The COVID-19 pandemic's rapid onset has dramatically disrupted almost every aspect of our lives. In a matter of days, vibrant springtime plans of festivals, conferences, weddings, vacations, and social gatherings have been replaced with words and phrases like "quarantine," "flattening the curve," "social-distancing," "postponed," and "canceled."
Difficult decisions made as a result of the COVID-19 pandemic have certainly yielded emotional disappointment. On a more technical level, reactions to the COVID-19 pandemic have also resulted in, and will continue to result in, many unperformed or underperformed contractual obligations.
This article provides several key questions for parties to Louisiana contracts to consider when analyzing failures to perform contractual obligations during these unprecedented circumstances. This article pertains to Louisiana contracts, generally. Other laws may apply to specific types of contracts, such as leases.
DOES YOUR CONTRACT HAVE A FORCE MAJEURE CLAUSE?
A "force majeure" clause states, in essence, that a party is excused (i.e., not liable) for not performing a contractual obligation if its performance is "prevented" or "hindered" by, or if its non-performance is "caused" by, or "due to," an event, condition, or other circumstance that is "beyond the party's control," or "beyond the party's reasonable control," or "not reasonably within the party's control," or similar language.
Importantly, the precise language of a force majeure clause varies from contract to contract. As a result, the presence of a force majeure clause in a contract is not, in and of itself, dispositive of whether a COVID-19-related failure to perform under that contract is excused. Instead, the answer to that question will largely depend on the language used in the clause.
DOES THE FORE MAJEURE CLAUSE INCLUDE AN INCLUSIVE OR EXCLUSIVE LIST OF EVENTS?
A typical force majeure clause contains a list of circumstances that constitute a force majeure event, such as Acts of God, war, government action, labor strikes, and so on. The length, content, and detail of the list vary considerably from contract to contract. The content of a force majeure clause's list, and whether such a list is an inclusive list of examples or an exclusive list of events, will play a role in determining whether a COVID-19-related failure to perform is covered under the force majeure clause.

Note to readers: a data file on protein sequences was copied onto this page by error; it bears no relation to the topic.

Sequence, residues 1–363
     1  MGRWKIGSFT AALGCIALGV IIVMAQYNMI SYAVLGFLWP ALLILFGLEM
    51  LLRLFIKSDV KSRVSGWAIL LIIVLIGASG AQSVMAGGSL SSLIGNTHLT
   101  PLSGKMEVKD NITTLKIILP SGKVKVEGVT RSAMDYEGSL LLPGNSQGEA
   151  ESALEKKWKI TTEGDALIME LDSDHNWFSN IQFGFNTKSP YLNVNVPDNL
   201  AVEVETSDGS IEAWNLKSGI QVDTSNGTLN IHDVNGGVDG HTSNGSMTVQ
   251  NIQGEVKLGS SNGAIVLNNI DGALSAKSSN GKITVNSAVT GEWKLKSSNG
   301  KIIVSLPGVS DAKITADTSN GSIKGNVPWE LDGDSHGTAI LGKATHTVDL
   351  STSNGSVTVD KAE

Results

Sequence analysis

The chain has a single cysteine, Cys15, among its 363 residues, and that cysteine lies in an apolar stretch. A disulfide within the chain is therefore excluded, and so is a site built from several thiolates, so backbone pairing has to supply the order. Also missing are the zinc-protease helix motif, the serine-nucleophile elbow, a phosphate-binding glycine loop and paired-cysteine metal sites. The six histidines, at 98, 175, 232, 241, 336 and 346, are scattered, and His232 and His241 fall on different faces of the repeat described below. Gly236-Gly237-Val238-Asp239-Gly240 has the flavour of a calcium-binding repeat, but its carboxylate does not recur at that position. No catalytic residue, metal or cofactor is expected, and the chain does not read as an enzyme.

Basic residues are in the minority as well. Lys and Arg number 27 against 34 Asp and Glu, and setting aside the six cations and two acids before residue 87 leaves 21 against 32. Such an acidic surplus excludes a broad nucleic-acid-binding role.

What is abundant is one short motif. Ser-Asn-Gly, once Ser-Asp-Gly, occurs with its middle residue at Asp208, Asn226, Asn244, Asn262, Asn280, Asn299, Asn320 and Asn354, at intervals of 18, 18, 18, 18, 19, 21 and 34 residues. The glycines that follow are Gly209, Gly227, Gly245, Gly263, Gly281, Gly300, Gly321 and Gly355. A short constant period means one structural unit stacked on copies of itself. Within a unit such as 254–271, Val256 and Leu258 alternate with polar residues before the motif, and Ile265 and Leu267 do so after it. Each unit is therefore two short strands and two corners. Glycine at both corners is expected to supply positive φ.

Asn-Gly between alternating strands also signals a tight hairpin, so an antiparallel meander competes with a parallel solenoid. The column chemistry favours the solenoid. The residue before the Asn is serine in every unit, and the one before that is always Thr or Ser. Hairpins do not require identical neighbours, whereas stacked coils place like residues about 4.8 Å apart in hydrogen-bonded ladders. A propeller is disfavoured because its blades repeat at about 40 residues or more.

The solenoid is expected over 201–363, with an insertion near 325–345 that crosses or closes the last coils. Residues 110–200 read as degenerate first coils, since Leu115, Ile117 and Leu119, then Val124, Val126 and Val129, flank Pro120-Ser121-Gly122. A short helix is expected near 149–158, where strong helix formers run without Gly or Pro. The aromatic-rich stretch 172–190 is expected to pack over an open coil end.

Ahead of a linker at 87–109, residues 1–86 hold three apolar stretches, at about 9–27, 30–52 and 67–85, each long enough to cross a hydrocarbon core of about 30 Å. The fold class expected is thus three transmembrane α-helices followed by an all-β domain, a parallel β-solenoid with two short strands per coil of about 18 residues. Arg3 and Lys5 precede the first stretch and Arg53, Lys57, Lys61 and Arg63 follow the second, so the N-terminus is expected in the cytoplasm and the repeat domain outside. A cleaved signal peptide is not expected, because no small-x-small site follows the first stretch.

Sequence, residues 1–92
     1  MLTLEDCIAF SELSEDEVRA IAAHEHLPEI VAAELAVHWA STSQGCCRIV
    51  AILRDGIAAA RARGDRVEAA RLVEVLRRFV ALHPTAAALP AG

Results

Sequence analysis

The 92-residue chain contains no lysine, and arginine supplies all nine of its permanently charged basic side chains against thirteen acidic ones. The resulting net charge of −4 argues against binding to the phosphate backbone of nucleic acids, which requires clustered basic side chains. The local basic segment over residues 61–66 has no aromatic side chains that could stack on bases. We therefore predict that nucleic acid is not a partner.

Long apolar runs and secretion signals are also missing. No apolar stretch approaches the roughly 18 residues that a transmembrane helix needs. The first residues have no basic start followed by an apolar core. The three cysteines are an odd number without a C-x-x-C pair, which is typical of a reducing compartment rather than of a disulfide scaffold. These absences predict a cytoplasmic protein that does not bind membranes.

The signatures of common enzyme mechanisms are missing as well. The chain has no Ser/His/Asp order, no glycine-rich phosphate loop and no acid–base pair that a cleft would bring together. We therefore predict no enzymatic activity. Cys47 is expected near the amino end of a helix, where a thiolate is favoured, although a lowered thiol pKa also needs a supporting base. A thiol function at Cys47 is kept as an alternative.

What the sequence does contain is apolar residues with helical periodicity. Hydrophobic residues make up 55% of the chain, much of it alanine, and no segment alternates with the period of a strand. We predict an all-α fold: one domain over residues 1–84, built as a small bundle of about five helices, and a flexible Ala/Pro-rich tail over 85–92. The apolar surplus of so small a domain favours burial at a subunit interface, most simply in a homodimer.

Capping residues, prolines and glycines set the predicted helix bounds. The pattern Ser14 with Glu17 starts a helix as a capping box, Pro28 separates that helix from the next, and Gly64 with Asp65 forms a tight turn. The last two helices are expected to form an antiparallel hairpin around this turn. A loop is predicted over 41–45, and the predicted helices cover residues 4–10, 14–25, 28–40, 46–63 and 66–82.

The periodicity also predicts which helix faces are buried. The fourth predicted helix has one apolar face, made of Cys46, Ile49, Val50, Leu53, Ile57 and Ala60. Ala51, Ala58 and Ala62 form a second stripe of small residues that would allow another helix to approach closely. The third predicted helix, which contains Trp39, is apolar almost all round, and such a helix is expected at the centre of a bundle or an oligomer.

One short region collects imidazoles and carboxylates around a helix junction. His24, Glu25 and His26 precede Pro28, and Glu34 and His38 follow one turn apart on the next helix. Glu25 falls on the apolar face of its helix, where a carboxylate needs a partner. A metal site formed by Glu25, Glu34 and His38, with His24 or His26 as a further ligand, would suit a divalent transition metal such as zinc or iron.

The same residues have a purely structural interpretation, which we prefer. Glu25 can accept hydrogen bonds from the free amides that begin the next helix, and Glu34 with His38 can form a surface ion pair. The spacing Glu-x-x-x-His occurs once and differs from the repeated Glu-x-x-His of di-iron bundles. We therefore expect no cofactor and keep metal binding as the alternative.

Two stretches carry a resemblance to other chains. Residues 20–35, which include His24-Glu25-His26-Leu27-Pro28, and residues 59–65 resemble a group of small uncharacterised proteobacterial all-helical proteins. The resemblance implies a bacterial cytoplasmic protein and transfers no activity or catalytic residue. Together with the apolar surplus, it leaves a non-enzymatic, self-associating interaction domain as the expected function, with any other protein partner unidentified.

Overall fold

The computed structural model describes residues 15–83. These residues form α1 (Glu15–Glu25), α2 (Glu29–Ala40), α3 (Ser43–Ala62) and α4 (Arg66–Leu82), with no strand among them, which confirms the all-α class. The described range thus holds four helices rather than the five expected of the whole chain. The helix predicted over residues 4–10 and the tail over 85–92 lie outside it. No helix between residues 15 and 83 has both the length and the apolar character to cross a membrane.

DOES THE FORCE MAJEURE PROVISION REQUIRE NOTICE AND/OR MITIGATION?
A typical force majeure clause will require the party claiming excuse to give written notice of the circumstance claimed to be a force majeure within a certain period of time. Additionally, the clause may require that such notice be delivered through a certain method. The force majeure clause may also expressly require the party claiming excuse to use some degree of effort to mitigate the circumstance constituting the force majeure.
DO THE LOUISIANA CIVIL CODE'S GENERAL PROVISIONS ON OBLIGATIONS APPLY?
The Louisiana Civil Code provides a possible "force majeure" excuse for each party to a contract governed by Louisiana law: Civil Code art. 1873. To sustain the excuse and thus avoid liability for a failure to perform a contractual obligation, a party must show two key elements: that there was a "fortuitous event" and that it made the performances sought to be excused "impossible."
Importantly, given the very recent onset of COVID-19-related failures to perform, the applicability of the Louisiana Civil Code's general provisions on obligations to such failures remains to be seen.
Parties to Louisiana contracts dealing with COVID-19-related failures to perform should review their contracts to determine whether these contracts contain force majeure clauses. If so, parties should review these force majeure clauses carefully to determine whether the clause applies to the failure to perform and to analyze whether all notice and mitigation requirements under the clause have been met. Parties should also be aware that the Louisiana Civil Code's general provisions on obligations could potentially work to excuse certain COVID-19-related failures to performance.
The information contained herein does not constitute a legal opinion and should not be relied upon by the reader as legal advice or be regarded as a substitute for legal advice. NOBA thanks the lawyers of Stone Pigman Walther Wittmann, LLC, for their assistance in contributing information for this article.